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« Reply #21 on: August 21, 2003, 10:39:25 PM »

Wow, Toonski, I'm impressed.
I checked the first 3 on your list, and:
* The 1st and 2nd don't use the same formula, why?
* On the 3rd site, I couldn't actually find the formula.

Now for the big question. Why does anyone need all this questionable sofistication? I have a little formula, which I posted on one of the date challenges, which gives me a date or julian factor starting at the year 0. This has been working for me for about 15 years. I got it from a Texas Instruments calculator manual. I only need it to calculate the number of days beween 2 dates.
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toonski84
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« Reply #22 on: August 21, 2003, 10:54:40 PM »

Well, right.  My suggestion was to use a serial date.  The most famous and widely used serial date is the count from the julian period, the julian day number.  But really, any serial date can be used, yeah.   Not all of these are algorithms, I just grabbed anything from google that wasnt a calculator.  And *those* are everywhere.
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i]"I know what you're thinking. Did he fire six shots or only five? Well, to tell you the truth, in all this excitement, I've kinda lost track myself. But being as this is a .44 Magnum ... you've got to ask yourself one question: 'Do I feel lucky?' Well, do ya punk?"[/i] - Dirty Harry
Moneo
Na_th_an
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« Reply #23 on: August 22, 2003, 07:15:26 PM »

Quote from: "toonski84"
Well, right.  My suggestion was to use a serial date.  The most famous and widely used serial date is the count from the julian period, the julian day number.  But really, any serial date can be used, yeah.  ....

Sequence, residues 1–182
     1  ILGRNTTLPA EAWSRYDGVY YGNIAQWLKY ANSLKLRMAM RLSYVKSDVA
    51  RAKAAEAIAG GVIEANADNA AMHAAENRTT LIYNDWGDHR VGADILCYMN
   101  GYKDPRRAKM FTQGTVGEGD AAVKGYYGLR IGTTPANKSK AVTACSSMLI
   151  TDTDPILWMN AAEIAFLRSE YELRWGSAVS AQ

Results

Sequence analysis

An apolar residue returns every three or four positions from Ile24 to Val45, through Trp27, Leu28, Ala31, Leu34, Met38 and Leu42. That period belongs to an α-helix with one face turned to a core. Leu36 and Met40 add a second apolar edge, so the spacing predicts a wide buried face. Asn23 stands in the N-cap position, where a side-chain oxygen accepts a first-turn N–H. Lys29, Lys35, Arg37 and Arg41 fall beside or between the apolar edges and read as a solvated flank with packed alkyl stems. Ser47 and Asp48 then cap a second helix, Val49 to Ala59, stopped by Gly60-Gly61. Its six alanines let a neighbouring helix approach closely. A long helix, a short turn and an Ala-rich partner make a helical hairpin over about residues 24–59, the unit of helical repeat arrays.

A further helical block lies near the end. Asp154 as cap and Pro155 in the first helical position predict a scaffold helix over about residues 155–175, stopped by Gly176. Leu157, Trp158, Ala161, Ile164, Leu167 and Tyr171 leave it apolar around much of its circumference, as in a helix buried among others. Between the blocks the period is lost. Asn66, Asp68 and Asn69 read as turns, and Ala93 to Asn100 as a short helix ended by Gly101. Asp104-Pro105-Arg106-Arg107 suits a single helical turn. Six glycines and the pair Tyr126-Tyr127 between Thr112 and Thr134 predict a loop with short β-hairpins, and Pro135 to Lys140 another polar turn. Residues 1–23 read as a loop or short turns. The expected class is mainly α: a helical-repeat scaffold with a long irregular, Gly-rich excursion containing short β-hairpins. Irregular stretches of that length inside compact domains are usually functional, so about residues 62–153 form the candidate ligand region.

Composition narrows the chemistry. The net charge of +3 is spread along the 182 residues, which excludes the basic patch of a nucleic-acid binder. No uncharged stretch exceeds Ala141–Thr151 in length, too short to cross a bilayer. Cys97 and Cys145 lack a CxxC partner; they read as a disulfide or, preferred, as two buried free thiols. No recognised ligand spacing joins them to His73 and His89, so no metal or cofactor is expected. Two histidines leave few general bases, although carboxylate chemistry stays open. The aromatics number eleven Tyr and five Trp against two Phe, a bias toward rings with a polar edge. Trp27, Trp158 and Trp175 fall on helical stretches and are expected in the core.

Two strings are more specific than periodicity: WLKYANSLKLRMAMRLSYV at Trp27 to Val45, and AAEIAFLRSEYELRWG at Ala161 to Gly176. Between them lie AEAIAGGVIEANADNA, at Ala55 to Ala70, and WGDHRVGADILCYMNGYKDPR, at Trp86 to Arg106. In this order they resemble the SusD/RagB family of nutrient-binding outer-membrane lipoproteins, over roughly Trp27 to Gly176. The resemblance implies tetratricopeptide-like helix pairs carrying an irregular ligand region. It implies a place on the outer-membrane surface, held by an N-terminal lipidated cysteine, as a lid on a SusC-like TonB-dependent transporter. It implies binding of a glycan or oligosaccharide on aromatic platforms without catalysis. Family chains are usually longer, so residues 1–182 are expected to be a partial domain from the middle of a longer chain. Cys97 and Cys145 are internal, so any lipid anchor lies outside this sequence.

You're right, Toonski, but one has to be careful with the terms used, for example, looking through the sites you provided, I found the following terms:
Julian Date
Julian Day
Julian Day Number
Julian Day Period
Julian Day Count
All these seem to be the same, but then there's
Modified Julian Day ...which is something else.

Some of the algorithms talk about an offset of days from
Jan 1, 4712 BC and others from 4713 BC. Some say that the offset is from 0 hours GMT, others from 12 noon. This business of hours can only be interesting to an astromomer.

What really makes me shy away from these algorithms is that they include constants like 4716, 1524.5, 32044, 32782, 146097, etc. What is the definition of these constants, what do they mean and where do they come from?

Another thing that does not give me confidence, is algorithms that are supported by tables. Again, who and how were the values in these tables generated?

In summary, if I were in need of using a serial date (nice term), and I didn't have anything at all, I wouldn't use these complicated, ambiguous, and non-standard algorithms that go back to 4713 BC. I cannot forsee the need of ever requiring a serial date that goes back more than say 200 years. Therefore, I would take a look at something like the Modified Julian Date" and use that if I undersood it and it testied ok, or I would develop my own "Modified" version.
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toonski84
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« Reply #24 on: August 23, 2003, 12:27:12 AM »

The julian date and the julian day number are the actual count, by default from the beginning of the julian period.  The julian period is the 7800 year period in which everything aligns or something.  The modified julian day number is just the julian day since about 100 years ago so it's only in the 1000s and manageable.  The julian day count is just a wrong term for the julian day number and the julian calendar is the calendar implemented by julius caesar.  Be careful you dont must terms together.
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i]"I know what you're thinking. Did he fire six shots or only five? Well, to tell you the truth, in all this excitement, I've kinda lost track myself. But being as this is a .44 Magnum ... you've got to ask yourself one question: 'Do I feel lucky?' Well, do ya punk?"[/i] - Dirty Harry
Moneo
Na_th_an
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Posts: 1971


« Reply #25 on: August 23, 2003, 11:08:43 PM »

Whatever, Toonski. Who needs all that complication and so-called sofistication. Like I said before, most everyone could be more than satisfied with a serial date that went back 200 years, except maybe an astronomer.